As we sadly meander our way back home from our two-month journey, we found ourselves in an RV park for the first time in 11 days. While I have a small travel trailer, next to us is a trailer that looks even smaller – a Safari Condo Alto F2114.
While my wife and I are the only travelers in our own smaller trailer, our neighbors are touring North America with a total of four travelers: parents and their two young teens.
Safari Condo is a Canadian company that I’ve written about in the past. They make some unusual trailers including one electricity expert Mike Sokol is currently testing with an EV as the tow vehicle. Mike’s interest in the trailers is particularly piqued by the fact that his trailer is more equipped for boondocking with plenty of solar and battery reserves.
In Canada you can work directly with Safari Condo on your trailer, choosing from a variety of options and fabric colors and such. For us Yanks in the U.S., we can do the same but we get to work through a dealership. However, you still mostly work with the factory on the options and features that appeal to you.
My neighbors described the process of working with Safari Condo as very pleasant. The smaller company was very accommodating. The neighbors have also really been enjoying the rig. One of their favorite features is the optional Caravan Mover. This is an electric motor at each wheel that allows them to use a remote control to move the trailer around.
They used this to great success at an RV park where the dump stations were in an odd place. They simply turned their trailer completely around and used it that way. Yes, indeed, you know this drew quite a crowd.
I also heard that they use this feature to hook up to their tow vehicle. Rather than jockeying the tow vehicle back and forth, they simply whip out the remote control and align the trailer to the truck. Simple.
The roof and walls are made of a sandwich-type material. They have a plastic honeycomb core laminated with aluminum skin on one side and Alufiber or aluminum on the other. Alufiber combines the light weight of aluminum with the durability of fiberglass. The only materials used in building the Alto are those on which water has little effect. These include aluminum, Alufiber, plastic, Formica and glass. Inside, the furniture consists largely of aluminum and composite materials. Rigid and ultra-light sandwich panels are integrated into the bed cushions. The entire bed structure is made of aluminum extrusions.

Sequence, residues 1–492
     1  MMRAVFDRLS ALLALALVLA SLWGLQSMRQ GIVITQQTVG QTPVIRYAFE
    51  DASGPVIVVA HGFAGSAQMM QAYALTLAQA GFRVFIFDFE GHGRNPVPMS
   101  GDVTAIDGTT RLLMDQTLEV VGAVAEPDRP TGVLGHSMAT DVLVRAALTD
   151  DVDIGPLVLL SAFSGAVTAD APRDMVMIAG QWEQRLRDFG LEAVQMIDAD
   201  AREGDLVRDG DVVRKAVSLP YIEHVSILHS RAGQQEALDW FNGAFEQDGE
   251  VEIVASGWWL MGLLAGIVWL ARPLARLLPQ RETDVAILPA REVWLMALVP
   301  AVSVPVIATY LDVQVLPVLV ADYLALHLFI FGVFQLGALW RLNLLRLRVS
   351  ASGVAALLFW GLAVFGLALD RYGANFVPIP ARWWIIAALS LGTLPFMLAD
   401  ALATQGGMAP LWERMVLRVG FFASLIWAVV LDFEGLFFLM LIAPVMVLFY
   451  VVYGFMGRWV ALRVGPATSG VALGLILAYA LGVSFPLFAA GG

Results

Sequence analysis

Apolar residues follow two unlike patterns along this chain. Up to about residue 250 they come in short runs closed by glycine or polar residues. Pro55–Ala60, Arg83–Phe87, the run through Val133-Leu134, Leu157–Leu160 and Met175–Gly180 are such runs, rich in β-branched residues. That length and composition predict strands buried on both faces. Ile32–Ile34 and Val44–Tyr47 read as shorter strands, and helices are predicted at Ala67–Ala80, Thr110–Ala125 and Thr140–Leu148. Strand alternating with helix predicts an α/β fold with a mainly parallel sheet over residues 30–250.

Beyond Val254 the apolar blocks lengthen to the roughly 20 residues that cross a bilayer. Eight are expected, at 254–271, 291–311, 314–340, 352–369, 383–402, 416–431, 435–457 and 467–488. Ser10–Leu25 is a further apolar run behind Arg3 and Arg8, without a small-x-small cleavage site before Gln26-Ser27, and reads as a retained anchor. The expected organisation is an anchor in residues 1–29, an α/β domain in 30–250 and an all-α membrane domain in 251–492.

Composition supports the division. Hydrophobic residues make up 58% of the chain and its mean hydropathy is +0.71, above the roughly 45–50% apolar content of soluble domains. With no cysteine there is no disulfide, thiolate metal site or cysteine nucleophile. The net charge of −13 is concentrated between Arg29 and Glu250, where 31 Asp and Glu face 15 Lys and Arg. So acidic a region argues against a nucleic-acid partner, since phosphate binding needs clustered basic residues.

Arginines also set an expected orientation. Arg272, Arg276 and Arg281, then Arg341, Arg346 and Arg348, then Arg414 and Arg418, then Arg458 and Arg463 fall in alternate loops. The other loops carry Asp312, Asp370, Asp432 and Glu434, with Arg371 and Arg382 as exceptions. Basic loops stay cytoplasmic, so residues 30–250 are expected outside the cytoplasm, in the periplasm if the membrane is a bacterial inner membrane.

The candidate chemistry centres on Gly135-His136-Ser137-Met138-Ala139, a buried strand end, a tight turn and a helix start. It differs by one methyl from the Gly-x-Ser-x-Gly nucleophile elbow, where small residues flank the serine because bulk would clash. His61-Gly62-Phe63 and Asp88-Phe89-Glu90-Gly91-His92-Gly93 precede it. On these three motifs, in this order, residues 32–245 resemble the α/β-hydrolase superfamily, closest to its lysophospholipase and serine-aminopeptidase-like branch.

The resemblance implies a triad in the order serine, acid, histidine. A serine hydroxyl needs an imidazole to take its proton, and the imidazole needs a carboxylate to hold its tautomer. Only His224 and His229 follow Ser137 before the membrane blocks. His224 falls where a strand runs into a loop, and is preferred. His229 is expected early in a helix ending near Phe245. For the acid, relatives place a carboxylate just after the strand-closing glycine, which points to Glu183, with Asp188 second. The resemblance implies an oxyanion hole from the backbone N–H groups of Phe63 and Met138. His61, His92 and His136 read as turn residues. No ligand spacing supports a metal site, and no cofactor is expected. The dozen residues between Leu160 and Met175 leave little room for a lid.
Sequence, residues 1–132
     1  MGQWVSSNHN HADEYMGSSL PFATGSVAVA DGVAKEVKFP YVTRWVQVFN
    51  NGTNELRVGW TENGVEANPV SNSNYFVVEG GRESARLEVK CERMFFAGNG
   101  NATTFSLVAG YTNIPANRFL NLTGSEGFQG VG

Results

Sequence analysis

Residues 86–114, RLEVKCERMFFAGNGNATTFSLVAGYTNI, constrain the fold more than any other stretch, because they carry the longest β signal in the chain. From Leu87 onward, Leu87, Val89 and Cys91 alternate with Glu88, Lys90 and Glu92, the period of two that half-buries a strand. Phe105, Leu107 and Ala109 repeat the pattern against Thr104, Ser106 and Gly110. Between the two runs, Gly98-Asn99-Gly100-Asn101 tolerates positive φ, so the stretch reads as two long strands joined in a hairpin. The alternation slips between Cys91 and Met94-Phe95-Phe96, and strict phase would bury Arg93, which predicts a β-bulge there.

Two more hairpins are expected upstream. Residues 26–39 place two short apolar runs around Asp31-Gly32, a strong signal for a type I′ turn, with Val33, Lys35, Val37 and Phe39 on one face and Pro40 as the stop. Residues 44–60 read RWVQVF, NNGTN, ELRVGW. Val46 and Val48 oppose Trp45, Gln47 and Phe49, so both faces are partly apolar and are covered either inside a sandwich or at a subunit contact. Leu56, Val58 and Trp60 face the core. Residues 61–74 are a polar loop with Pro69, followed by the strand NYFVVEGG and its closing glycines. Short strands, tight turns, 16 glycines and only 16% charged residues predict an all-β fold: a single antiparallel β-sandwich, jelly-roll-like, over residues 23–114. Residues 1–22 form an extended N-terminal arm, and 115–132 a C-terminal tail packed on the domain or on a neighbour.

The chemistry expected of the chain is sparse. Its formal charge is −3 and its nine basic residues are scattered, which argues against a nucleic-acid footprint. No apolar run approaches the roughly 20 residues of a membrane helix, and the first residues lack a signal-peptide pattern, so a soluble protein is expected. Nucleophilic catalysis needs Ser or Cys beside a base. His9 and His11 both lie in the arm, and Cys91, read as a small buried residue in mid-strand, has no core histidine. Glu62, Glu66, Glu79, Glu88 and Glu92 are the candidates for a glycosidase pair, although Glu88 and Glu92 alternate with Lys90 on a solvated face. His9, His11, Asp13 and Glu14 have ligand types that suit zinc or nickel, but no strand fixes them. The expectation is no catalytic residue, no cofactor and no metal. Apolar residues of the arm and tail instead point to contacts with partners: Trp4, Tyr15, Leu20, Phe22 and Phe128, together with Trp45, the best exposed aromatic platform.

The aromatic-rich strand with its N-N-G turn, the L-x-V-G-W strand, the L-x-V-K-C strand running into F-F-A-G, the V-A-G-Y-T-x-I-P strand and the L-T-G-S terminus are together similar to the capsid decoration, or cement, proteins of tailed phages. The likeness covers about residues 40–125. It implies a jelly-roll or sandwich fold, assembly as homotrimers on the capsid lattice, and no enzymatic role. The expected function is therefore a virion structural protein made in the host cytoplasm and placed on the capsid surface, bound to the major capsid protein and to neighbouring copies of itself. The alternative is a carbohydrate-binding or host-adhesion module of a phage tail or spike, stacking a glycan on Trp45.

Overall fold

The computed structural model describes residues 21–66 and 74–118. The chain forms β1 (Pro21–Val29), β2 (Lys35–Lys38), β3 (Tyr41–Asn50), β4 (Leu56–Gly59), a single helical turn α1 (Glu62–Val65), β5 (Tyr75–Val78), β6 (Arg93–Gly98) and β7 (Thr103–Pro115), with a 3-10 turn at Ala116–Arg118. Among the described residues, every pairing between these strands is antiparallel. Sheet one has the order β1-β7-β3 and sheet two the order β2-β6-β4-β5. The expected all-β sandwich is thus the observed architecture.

The frame, too, is aluminum with an independent Torflex torsion axle suspension at the heart of it all. Since the trailers are ordered from the company directly you can have them set the suspension height. It can be set either to optimize aerodynamics (lower) or optimize the ability to travel on rougher roads.
Water is heated by a Truma Combi system. That also serves to heat the cabin of the trailer by circulating glycol in tubes. This provides a wonderfully even radiant heat. However, it doesn’t heat up the interior as quickly as a fan-forced furnace might.
The Grand Tour
Stepping inside, the first thing you’ll notice is that there’s a dinette at the front which sits below a huge front window. This Lexan dual-pane window can be tilted upwards a full 90° for air flow and features day/night shades with screens. It’s delightful.
On either side of the dinette are round “porthole”-style windows which are fixed. To the left of the front door is the galley. It includes a round sink with a glass cover. Flip the cover up, flip up the faucet and you have a functioning sink. Flip it all back down and you have more counter space.
You can also add more counter/prep space by flipping up the tables at either side of the galley, giving you even more room.
There’s a simple two-burner stove which, like the sink, is recessed beneath a glass cover. Above that is a microwave, but I don’t believe it’s a convection microwave. Without any oven, I wish it were.